This is part one of a two-part series.

Institutional investors often hire consultants to provide expertise in writing requests for proposals (RFPs) for services required by the institution, as well as to access consultants’ knowledge of investment managers, recordkeepers, custodians and actuarial service providers. Of course, institutional investors cannot hire a consultant to write an RFP for hiring an investment consultant and, therefore, investors will usually complete this step themselves. The goal of the RFP exercise is to find an investment consultant who will become a trusted advisor to fiduciaries; thus, it is critical that the RFP exercise identify the most appropriate candidates who are capable of establishing a strong long-term partnership.

There are few good templates available for institutions to use as a starting point, so I thought I could share some questions (adapted from recent RFPs), as well as others that should be included in more RFPs in the future.

1. What is your firm’s and your consultant’s experience working with other similar institutional investors?

You will want to ensure that both the firm and the individual consultant involved have the necessary skill and expertise to provide the services and advice you require. Both should be established in the industry and be committed to the consulting business. It may not be necessary that they have worked with a client who has the same profile as you do, as long as they can demonstrate how the skills they have applied to other situations can be translated to your situation. Having the comfort of knowing that the consultant has successfully guided another client (or clients) through the same situation you now face is one of the primary advantages of working with a consultant in the first place.

Though institutional investors are often lumped together, consultants require specialized skills and knowledge to work within the different regulatory and organizational confines associated with pension plans, endowments and foundations. Further, there are some consultants who act primarily as data collector, others who take the data they possess and repackage it into a usable form. Other consulting firms offer the first two services but also offer interpretation and advice to clients. Depending on what you require, you’ll want to ensure that the firm possesses the depth of services required to meet your needs.

2. Describe your service model in terms of deliverables for clients and the mechanism for delivery.

You’ll want to know what to expect from your consultant, in terms of level and detail of consulting support. Is the person you are speaking with at the shortlist presentation the same individual you will be working with on an ongoing basis, or a sales consultant who won’t be involved later on? Will the individual consultant be able to attend meetings, present reports and discuss results?

You’ll also want to ensure that the service model aligns with your requirements (i.e., it’s designed to encourage long-term relationships or designed to maximize profit over the short term) and that the process the consultant uses to make recommendations is transparent.

Finally, you will want to ensure that the investment consulting division is a meaningful part of the overall consulting organization—with the scope and scale to purchase or develop the necessary technologies and attract and retain the required resources to meet client needs. If the investment consulting firm is a stand-alone entity, it should be well established in the market and of a size that means it can achieve the same investment and retention requirements.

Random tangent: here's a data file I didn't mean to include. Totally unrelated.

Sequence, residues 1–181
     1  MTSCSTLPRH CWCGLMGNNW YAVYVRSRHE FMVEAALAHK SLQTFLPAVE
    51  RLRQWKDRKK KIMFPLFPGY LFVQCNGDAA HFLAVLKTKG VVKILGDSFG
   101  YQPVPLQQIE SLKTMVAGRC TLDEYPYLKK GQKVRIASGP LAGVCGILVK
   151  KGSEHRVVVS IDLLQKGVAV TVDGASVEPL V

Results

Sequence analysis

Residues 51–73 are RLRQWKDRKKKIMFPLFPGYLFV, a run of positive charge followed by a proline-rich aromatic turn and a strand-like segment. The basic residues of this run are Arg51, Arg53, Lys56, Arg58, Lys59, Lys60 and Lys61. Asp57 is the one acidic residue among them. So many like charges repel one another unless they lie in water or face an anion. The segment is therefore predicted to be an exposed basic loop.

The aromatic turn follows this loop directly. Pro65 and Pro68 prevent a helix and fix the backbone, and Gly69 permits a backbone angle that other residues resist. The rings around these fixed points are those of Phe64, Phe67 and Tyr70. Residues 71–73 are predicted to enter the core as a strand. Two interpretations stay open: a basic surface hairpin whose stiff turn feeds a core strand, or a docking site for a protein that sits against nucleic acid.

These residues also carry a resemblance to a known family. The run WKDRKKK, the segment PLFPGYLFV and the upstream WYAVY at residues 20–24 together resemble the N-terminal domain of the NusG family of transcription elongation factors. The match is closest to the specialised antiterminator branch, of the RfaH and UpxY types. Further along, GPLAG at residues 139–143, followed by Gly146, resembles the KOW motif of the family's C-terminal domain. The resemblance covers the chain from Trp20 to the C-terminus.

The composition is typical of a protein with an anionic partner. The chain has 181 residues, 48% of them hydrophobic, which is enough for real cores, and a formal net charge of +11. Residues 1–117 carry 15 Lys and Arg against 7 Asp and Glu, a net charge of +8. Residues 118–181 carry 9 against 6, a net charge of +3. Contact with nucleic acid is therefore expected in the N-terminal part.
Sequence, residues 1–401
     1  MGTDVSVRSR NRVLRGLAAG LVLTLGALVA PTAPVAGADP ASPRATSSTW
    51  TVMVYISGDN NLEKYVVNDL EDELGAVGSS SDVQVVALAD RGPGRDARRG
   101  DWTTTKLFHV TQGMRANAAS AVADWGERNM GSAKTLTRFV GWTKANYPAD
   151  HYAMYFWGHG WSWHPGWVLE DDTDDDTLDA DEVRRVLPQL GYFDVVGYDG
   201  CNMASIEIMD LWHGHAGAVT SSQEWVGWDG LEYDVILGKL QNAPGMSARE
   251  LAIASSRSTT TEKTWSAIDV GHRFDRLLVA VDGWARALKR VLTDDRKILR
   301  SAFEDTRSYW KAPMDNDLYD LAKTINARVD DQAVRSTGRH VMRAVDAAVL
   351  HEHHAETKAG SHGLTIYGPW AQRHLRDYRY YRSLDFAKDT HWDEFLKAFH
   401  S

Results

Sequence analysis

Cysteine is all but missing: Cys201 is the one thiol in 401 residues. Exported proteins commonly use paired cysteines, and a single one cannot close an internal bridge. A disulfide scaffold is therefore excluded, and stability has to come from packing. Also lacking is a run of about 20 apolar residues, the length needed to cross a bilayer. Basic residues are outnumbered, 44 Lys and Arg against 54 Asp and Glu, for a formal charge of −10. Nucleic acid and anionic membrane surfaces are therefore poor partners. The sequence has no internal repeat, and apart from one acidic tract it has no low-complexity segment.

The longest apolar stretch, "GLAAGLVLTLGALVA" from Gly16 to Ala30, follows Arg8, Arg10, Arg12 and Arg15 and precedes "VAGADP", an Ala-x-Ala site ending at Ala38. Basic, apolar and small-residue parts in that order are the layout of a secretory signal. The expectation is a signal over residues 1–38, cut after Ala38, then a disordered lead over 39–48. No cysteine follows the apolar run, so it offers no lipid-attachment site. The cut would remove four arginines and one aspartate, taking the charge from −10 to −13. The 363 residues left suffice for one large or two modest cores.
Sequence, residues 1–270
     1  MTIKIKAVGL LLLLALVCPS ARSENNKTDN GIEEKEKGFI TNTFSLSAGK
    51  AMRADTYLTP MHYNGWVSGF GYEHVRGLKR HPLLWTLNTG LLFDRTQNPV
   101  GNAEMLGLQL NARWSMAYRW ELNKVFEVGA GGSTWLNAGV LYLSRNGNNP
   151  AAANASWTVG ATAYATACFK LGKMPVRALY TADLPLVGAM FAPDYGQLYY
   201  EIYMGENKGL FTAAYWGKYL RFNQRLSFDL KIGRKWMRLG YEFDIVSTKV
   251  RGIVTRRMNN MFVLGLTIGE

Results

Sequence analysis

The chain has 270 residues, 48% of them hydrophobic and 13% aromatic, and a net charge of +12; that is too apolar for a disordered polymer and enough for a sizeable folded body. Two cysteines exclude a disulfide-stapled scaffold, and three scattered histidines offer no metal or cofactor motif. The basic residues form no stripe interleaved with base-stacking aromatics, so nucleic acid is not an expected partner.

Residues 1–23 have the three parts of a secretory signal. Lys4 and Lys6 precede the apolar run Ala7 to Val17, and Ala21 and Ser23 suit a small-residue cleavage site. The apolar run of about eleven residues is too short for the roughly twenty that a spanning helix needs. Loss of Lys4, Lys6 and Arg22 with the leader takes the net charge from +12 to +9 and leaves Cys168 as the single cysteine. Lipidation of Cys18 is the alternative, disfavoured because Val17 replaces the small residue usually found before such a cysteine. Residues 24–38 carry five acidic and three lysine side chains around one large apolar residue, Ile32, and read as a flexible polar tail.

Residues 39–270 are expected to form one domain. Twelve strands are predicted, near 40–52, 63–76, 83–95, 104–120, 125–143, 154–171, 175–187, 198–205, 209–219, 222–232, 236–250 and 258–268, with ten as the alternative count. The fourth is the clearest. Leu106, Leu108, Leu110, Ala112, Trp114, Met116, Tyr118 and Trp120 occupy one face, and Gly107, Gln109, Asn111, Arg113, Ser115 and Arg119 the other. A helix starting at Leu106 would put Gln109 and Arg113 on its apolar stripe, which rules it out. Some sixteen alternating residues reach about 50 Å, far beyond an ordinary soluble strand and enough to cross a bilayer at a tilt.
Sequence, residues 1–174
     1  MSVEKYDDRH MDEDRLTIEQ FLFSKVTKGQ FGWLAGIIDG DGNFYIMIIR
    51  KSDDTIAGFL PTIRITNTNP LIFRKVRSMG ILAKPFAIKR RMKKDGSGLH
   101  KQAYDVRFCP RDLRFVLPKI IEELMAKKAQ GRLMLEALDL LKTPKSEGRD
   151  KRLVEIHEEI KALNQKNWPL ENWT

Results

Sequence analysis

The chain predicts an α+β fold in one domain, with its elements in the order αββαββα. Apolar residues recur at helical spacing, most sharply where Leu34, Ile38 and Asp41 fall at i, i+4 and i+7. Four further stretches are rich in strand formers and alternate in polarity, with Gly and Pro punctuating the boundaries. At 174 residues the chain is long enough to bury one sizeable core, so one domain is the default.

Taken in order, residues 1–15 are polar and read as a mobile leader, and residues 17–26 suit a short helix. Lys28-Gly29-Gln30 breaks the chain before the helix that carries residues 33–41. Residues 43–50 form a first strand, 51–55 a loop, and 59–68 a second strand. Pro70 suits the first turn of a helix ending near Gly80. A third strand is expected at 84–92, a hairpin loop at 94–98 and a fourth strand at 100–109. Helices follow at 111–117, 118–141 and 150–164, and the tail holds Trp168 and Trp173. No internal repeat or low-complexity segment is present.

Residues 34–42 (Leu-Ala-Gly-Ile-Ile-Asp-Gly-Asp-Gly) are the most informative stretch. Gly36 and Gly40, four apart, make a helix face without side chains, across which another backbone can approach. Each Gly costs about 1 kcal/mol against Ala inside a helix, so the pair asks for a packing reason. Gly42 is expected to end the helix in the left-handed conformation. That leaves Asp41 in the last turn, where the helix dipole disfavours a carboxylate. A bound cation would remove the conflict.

Occasionally just finding out who owns the consulting firm will tell you a lot about its commitment to professional investment consulting and the potential conflicts that may exists (potential conflicts will be explored in more detail later).

Regulators in some countries, notably the U.K., have been moving in a direction that may result in less cross-subsidization between the actuarial and investment consulting practices within a firm, noting that, as Paul Myners said, “contracts for actuarial services and investment advice should be opened to competition separately” (see Keith Faulkner’s paper on “Six key issues that keep actuaries awake at night”).

As Russell L. Olson noted in his Handbook for Investment Committee Members, the “number one responsibility of the (investment consultant is) to provide continuing education to the committee members.” As an evaluator, ask yourself if the service model of the consultant naturally supports this responsibility.

3. How do you ensure you retain your best professional staff?

A service business such as consulting can be only as good as its people. The response to this question should discuss how the mission and culture of the firm supports retention of professional staff, how the firm provides opportunities to work on challenging projects and how the firm offers opportunities for advancement.

The response should discuss how the ownership structure and stability—along with the overall work environment—support retention goals. As well, the compensation structure should be explained to show how it meaningfully supports retaining the best employees.

Having said this, it is difficult to retain the best people and offer the supportive environment if the investment consulting business is not growing. While explosive growth can lead to its own issues, more often it is a lack of growth that creates organizational instability and possible retention issues.

Read part 2

Ryan Kuruliak is a Toronto-based vice-president with Proteus, an investment and governance specialty firm. He has more than 14 years experience in the pension and investment consulting industry.

These are the views of the author and not necessarily those of Benefits Canada.

Copyright © 2021 Transcontinental Media G.P. Originally published on

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